Reverse-engineering Social Engineering: What makes a Fake Profile Tick?

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Reverse-engineering Social Engineering: What makes a Fake Profile Tick?Hello, and welcome back to another edition of the Managed Services blog! Today, we bring yet another intriguing topic to your attention – we will look at what goes into a fake profile, why they are so effective when done right, and what can be done to protect the real accounts and monitor the fraudulent ones.

So, how is a good fake profile made? The answer is: convincing writing, and stolen personal information. The latter is really easy to find – visit most social media accounts on any website, and everything from birthdays, to photos, to current location can be discovered. Extra information can also be taken from LinkedIn accounts, as many users add too much material to their accounts. If the fake account creator has good writing skills, he/she could make it even more convincing, writing content that completely fools followers and visitors.

What’s the impact of fake profiles? Well, in simple terms, fake profiles can, by posting inappropriate content and saying hurtful things, spoil the reputation of the real user, who may be a complete 180 in terms of content and intentions from what is being posted. The spoilt reputation can then cause mistrust in the real user among his followers or subscribers. Companies who have had their accounts duplicated, and then used for malicious purposes will feel this hard, because a great deal of a business’s success comes from the trust from the user or customer.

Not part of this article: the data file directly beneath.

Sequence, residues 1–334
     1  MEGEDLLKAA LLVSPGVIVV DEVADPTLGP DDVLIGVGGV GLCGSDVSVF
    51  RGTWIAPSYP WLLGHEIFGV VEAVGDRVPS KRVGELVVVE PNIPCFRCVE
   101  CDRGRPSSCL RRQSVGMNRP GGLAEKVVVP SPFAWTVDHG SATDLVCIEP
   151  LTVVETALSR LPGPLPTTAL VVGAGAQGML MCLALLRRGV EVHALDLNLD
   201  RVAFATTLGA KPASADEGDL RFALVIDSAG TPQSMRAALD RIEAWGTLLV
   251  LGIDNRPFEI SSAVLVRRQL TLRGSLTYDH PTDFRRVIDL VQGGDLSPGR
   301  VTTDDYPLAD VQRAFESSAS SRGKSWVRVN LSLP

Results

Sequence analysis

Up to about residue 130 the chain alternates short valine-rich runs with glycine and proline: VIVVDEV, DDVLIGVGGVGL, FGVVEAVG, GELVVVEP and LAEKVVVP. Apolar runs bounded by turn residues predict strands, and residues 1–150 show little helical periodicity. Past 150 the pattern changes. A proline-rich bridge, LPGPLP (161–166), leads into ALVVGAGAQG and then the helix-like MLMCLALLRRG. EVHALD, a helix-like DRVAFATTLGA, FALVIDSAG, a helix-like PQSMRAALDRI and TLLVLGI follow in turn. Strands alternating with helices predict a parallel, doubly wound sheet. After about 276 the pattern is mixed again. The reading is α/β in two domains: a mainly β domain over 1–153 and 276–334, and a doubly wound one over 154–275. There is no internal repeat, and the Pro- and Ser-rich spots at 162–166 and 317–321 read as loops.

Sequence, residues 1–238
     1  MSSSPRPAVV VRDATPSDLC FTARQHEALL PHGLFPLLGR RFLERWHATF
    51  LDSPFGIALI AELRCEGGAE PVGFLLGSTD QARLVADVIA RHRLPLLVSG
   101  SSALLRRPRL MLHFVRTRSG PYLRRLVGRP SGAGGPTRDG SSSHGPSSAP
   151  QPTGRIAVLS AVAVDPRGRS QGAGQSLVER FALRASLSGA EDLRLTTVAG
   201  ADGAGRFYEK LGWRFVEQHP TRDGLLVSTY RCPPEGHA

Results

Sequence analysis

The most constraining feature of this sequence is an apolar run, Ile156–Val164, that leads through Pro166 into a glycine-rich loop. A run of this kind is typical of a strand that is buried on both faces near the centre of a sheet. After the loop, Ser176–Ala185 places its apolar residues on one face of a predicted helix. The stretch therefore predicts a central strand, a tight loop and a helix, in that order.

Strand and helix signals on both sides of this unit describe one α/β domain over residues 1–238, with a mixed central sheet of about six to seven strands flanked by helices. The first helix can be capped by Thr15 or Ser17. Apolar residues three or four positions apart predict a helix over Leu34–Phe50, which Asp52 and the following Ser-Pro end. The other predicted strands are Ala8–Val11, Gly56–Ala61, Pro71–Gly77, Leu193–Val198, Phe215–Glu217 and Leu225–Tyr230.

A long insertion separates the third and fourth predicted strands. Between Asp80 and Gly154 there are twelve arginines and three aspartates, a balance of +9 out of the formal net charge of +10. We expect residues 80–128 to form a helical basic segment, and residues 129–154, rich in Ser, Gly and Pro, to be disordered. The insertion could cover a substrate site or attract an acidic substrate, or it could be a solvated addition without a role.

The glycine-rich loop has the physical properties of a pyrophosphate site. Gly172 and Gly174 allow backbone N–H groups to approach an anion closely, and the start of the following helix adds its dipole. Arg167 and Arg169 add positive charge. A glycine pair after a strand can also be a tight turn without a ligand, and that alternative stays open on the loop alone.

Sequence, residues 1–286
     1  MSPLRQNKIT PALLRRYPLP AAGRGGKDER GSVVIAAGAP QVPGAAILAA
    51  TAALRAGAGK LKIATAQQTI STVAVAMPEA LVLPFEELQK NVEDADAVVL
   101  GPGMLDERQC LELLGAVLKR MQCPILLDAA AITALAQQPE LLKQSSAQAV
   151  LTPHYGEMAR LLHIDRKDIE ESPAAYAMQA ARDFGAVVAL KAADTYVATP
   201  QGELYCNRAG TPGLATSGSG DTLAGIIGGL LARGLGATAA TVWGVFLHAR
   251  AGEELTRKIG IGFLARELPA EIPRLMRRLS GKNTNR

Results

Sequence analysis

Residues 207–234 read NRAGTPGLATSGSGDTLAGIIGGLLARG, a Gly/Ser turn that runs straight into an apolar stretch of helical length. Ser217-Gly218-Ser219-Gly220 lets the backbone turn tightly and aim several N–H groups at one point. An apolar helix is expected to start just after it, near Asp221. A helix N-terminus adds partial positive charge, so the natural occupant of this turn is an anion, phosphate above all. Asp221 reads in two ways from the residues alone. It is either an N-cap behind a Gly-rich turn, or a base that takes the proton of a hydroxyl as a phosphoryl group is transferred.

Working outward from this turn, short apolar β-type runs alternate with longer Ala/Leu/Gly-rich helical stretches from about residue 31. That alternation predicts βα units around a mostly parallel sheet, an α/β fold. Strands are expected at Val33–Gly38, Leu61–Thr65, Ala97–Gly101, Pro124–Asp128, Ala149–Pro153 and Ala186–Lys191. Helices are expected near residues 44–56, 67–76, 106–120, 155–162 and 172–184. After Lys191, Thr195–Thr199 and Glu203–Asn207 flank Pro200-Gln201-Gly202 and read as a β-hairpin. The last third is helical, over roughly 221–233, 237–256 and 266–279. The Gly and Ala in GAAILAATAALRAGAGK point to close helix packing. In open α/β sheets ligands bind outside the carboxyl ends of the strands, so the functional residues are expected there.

So what can be done to protect social media accounts from being victims of fake profiles? The most important tip that can be given is to significantly reduce the amount of personal information that is present on the account. The less personal info present, the less phishers and hackers have to work with. Things like locations, birthdays, photos, and such must be either left out or be kept to an absolute minimum.

That’s how accounts can be protected, but what about finding those fake profiles? What’s needed is a system that can comb social media websites for similar-sounding profiles, and assess threat levels based on content – if the suspicious account is posting inappropriate content under someone else’s name, the levels given will be very high, thereby giving priority readings in terms of threats.

Here at Managed, we have a product that can do all of the above paragraph, and more, in our newest service, Hawk-i. It scans, not only social media, but blogs, news sites, and more for fake accounts, derogatory posts and articles, and so on. All suspicious data is manually reviewed by our in-house analysts in our Dubai-based NOC/SOC, who give the appropriate threat scores to each and every post and article collected. Clients are then given options as to how to mitigate the threats and risks. To find out more about Hawk-i, visit the service’s information page for more.

That’s it for this week’s edition of the Managed Services blog. Come back next time for another informative post. Take care, and stay cyber safe.

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